As the American Le Mans Series and Grand-Am Rolex Series are set to join forces in 2014 – quite in what fashion remains to be seen – arguably one of two major talking points regarding the merger is how the schedule will look. A preliminary guess is 12 races, a number said by ALMS president and CEO Scott Atherton during the Sept. 5 press conference.
Three tracks all but certain to have a place on that schedule are three of this country's legendary road racing circuits, Lexington, Ohio's Mid-Ohio Sports Car Course, Elkhart Lake, Wis.'s Road America and Monterey, Calif.'s Mazda Raceway Laguna Seca.
They're three of four tracks which feature both ALMS and Grand-Am races on the calendar – Lime Rock Park (LEFT) is the fourth – but the other three have enough in terms of pedigree, history and paddock space to where they could serve as hotbeds for the singular series.
Beyond providing venues that feature great racing, the tracks exist first to sell tickets and cater to the interests of the ticket-buying fans.
“Without the fan support, it doesn't matter what you put together because if you can't sell tickets to the show, there's no point in having a show,” says Gill Campbell, CEO and general manager of Mazda Raceway. “I think it's very important that whatever the product ends up being is one the fans will want to see.”
“We have to be concerned about the fans, and (the two series) have a lot in common, which is great,” adds Craig Rust, president of Mid-Ohio, and formerly of Watkins Glen International. “What's the right product for the fans in 2014? You need to take the pieces that both of the series have done right.”
Of the three, only Mid-Ohio in recent years has provided a joint weekend of IndyCar and sports cars running together (on the ALMS weekend in August). Offering the best of both worlds provides the ultimate bang for the buck for road racing fans, even if it can make coverage of both during a weekend a tad bit challenging!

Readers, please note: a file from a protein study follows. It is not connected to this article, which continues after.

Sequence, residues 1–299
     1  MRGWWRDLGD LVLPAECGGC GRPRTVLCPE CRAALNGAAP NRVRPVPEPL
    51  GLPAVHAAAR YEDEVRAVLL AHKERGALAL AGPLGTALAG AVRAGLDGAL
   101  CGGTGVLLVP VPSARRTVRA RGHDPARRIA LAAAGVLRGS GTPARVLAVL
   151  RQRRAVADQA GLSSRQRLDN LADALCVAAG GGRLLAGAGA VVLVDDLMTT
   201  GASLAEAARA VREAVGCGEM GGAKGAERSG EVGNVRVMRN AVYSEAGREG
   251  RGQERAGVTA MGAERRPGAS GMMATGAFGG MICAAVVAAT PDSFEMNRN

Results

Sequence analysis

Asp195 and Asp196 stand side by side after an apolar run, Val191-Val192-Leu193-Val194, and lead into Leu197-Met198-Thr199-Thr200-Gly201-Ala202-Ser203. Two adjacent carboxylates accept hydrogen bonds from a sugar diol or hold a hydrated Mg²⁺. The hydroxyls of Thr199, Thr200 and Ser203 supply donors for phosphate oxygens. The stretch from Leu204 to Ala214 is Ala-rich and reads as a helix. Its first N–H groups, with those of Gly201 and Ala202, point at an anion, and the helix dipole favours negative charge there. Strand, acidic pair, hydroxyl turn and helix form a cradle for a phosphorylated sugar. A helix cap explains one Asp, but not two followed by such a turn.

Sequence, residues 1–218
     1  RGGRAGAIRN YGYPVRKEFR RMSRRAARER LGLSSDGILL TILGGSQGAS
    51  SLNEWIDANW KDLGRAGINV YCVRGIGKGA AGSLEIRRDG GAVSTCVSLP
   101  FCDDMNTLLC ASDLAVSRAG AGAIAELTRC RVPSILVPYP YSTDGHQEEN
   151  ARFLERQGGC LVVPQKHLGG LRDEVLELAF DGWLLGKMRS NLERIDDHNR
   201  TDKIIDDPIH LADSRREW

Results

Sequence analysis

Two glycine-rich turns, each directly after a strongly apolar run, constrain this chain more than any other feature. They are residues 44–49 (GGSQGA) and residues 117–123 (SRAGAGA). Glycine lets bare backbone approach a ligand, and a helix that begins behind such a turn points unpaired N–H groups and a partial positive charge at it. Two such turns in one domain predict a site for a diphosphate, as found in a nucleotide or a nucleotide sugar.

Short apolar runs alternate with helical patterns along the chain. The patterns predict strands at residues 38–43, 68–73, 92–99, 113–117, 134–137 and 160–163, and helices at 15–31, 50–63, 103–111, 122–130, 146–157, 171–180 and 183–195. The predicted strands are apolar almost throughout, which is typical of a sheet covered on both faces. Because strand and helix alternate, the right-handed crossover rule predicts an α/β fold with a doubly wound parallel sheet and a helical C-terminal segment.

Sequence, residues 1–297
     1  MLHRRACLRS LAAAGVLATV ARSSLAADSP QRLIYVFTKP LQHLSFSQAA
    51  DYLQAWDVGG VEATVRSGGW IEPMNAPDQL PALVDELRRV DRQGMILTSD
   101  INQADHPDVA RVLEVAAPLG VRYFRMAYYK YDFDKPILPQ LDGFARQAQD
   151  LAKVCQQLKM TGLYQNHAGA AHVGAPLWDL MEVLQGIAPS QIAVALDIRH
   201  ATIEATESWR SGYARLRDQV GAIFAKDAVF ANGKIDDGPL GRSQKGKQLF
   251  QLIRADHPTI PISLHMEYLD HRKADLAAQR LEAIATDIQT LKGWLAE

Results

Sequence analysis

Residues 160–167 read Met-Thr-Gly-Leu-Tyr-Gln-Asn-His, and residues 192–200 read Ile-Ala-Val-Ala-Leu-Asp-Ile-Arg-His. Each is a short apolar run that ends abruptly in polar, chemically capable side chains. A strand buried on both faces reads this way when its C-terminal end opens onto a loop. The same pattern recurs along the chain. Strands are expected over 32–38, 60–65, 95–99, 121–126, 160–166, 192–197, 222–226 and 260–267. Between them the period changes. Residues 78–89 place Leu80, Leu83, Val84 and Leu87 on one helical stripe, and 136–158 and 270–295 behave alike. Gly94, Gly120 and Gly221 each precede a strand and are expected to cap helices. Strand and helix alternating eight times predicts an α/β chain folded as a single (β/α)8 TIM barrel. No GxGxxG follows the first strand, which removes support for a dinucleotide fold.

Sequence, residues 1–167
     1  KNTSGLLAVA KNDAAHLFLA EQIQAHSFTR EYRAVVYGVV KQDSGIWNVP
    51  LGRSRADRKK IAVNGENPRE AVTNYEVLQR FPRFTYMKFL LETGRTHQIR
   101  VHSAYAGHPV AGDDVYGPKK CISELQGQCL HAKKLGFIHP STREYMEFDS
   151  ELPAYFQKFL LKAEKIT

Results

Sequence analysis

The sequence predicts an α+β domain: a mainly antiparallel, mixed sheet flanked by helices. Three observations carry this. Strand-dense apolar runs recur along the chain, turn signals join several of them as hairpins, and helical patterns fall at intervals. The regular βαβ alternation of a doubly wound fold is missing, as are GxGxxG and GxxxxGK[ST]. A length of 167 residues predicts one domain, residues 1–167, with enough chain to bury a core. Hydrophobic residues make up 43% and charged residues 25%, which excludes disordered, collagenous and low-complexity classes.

The financial barriers between the tracks and promoters and the current IndyCar sanctioning fee temper the desire for IndyCar to return to the other two circuits, Mazda Raceway and Road America. Road America last hosted an open-wheel weekend for Champ Car in 2007 (its last U.S. round of its last full season) while Champ Car's last Monterey race occurred in 2004.
Road America would seem a slam dunk based on the clamoring between drivers and fans alike to return. But, as track president George Bruggenthies says, there has to be something IndyCar can bring to the table beyond the desire to scarf a double brat at the St. John's stand in the infield.
“We're very open to it, but it's out of my hands,” he explained. “My understanding is that Michael Andretti has got an exclusive Wisconsin deal here (with Milwaukee). Until he's happy, there's only gonna be one IndyCar race in Wisconsin. There's nothing I can do about that.
“I've talked to Mr. [Randy] Bernard several times in face-to-face meetings. You've got team owners running the series. I don't know what their future is. Everyone's gotta pay the bills. But he [Andretti] wasn't paying hardly anything for his sanctioning fee this year. I don't know how that goes.”
While Bruggenthies denied specifics of what a sports car sanctioning fee is by comparison, he did note IndyCar's number.
“For sports cars, it is confidential, but it is much lower,” he said. “But with the IndyCar sanctioning fee, I don't have a contract with them so I can tell you what they're asking. They're asking $2 or $2.2 (million) – and I'm thinking, ‘You guys are crazy! You don't have a TV package worth much, and you don't bring anything along that brings revenue – hospitality or a partner.' It does not make sense.”